I had lived in Houston for part of 1973, 74 and 75 and had loved the city. I had been back once in 1989 – the year before. I was invited to be on TBS’s pre NBA All-Star Game festivities and the game that year was in Houston. At the time, I had written two books on the NBA and Fred Hickman was a sportscaster for TBS. Hickman was in love with my first two books. He invited me down to appear on his show that Friday night before the Saturday and Sunday events.
I stayed with an old friend that I used to work with and the entire weekend went well. It was the first (and only) time I’ve appeared on national television. I still have the tape and put together a grouping of my television appearances (mostly local) on a DVD which I sent to a number of people just before I died.
But, back to 1990 – a year later. When I was there in 1989, I didn’t have time to go see any of the old sites, but it got my Houston blood flowing. So, the next year in March, my wife at the time, Chris, and I went to Houston for vacation.
It’s not your typical destination spot for a vacation, but I thought I would show her where I lived, go to a Rockets’ game, head down to Galveston, go by Johnson Space center, etc. We did all that. However, we did one thing we should never have done and it always remained at least tied for the worst time of my life.
I really didn’t realize what I was getting into when I booked a fishing trip. I had seen the full-color glossy photos of the guy reeling in a Marlin on a beautiful day with blue skies and calm waters. That’s what I wanted to do.
So, we decided to go on a fishing trip in the Gulf of Mexico from Galveston. The boat held about 20 people and was not much more than a floating bus. It was a cool and overcast day – temperatures about 55. That was bad enough, but the misery stemmed from the fact that neither Chris or I had ever been in the open ocean and as soon as the boat got out beyond the breakers, the sea got rough and Chris got sick. It only took me about another 10-15 minutes before I got sick as well.
Here’s the stupid part. I could have booked a four-hour or eight-hour trip. Guess which one I went with. For seven hours, we were both sicker than dogs, barfing what biscuits we had. We didn’t know we should have taken Dramamine before the trip. We knew nothing – just blue skies and Marlins.
At one point, the boat pulled up next to some kind of platform in the gulf – undoubtedly used for oil at one time. It was a flat metal slab that was roughly 50’ x 50’. It was mounted somehow to the ocean floor. Apparently, fish liked to swim around it, so that’s where they stopped.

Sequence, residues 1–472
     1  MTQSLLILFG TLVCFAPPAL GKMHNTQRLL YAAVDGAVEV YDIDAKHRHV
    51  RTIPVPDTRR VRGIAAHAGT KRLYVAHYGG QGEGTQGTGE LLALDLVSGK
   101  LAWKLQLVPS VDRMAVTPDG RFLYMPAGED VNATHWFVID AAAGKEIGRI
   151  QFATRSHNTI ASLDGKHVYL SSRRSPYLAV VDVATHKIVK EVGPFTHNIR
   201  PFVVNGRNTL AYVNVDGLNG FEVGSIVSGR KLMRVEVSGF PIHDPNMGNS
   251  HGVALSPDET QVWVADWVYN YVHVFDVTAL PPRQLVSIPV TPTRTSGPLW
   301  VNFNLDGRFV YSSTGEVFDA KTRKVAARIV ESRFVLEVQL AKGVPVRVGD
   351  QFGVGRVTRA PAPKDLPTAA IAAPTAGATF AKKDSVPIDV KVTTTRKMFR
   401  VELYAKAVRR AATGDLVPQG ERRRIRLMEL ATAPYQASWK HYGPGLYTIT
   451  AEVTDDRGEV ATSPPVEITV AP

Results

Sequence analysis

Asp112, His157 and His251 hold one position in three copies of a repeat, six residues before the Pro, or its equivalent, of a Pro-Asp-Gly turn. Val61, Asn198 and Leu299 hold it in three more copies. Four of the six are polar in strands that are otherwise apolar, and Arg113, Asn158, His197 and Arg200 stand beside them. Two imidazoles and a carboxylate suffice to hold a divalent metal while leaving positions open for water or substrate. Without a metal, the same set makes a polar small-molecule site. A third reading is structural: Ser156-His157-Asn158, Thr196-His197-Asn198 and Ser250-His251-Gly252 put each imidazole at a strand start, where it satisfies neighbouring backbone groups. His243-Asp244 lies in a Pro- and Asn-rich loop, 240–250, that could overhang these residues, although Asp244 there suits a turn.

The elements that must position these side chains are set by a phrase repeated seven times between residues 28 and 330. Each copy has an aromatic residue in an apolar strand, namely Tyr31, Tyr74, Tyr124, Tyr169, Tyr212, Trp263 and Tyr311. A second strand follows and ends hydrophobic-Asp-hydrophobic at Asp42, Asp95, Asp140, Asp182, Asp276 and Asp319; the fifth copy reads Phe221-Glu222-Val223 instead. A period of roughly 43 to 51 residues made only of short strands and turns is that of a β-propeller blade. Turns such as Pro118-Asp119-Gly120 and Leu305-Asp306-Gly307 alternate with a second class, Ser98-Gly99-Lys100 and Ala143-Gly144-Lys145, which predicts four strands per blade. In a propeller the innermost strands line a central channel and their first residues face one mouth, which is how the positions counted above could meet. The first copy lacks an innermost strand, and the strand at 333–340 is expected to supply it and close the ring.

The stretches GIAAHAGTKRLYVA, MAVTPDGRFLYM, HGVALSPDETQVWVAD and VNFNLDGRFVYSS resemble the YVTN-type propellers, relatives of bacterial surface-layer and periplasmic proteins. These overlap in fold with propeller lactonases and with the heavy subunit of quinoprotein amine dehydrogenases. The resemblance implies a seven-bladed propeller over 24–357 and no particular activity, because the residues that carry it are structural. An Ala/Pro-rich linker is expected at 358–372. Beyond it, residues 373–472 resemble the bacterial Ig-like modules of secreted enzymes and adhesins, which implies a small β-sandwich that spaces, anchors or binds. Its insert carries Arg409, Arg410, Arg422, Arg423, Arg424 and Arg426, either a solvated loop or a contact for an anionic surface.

The thing I noticed instantly was that it was not moving! I wanted to be on that platform more than you can imagine. I went up to the captain and offered him $100 to let me off. He could pick me up on the way back. He, of course, told me I was out of my mind. Can you imagine letting off a passenger on a 50’x50’ platform in the Gulf of Mexico and leaving him? Talk about lawsuits. Nevertheless, that non-moving platform looked like Heaven to me. I’m not sure what I thought with respect to Chris at the time I made him the offer, but I was too sick to be thinking clearly.
We eventually got back to land and went to the hotel. It took hours to start feeling normal – like my head wasn’t sloshing around. We spent a lot of money for the fishing trip and never even touched a pole. Just the thought of the smell of the fish and bait made me queasy for weeks.
Still, the trip overall was good and it was great to see Houston after 15 years. Although it was still a relatively young and relatively rich city, you could see it was beginning show problems. By 2013, I suspect it’s like many cities – very nice the farther away from downtown you get, but the city inside the loop – roughly 15 miles by 15 miles is more poor and certainly has its share of crime.
This was a picture (left) of the north part of Houston's downtown in 1974. It's too bad the colors aren't what they were then, but the picture has faded after 39 years. It was a beautiful place. The building I worked in (Houston Lighting and Power - now Reliant Energy) is just to the left of this picture. The picture on the right is my office which was on the NW corner of the 15th floor. The building was on the NW corner of downtown and, to this day, that office still has an unobstructed view of the west and north parts of Houston.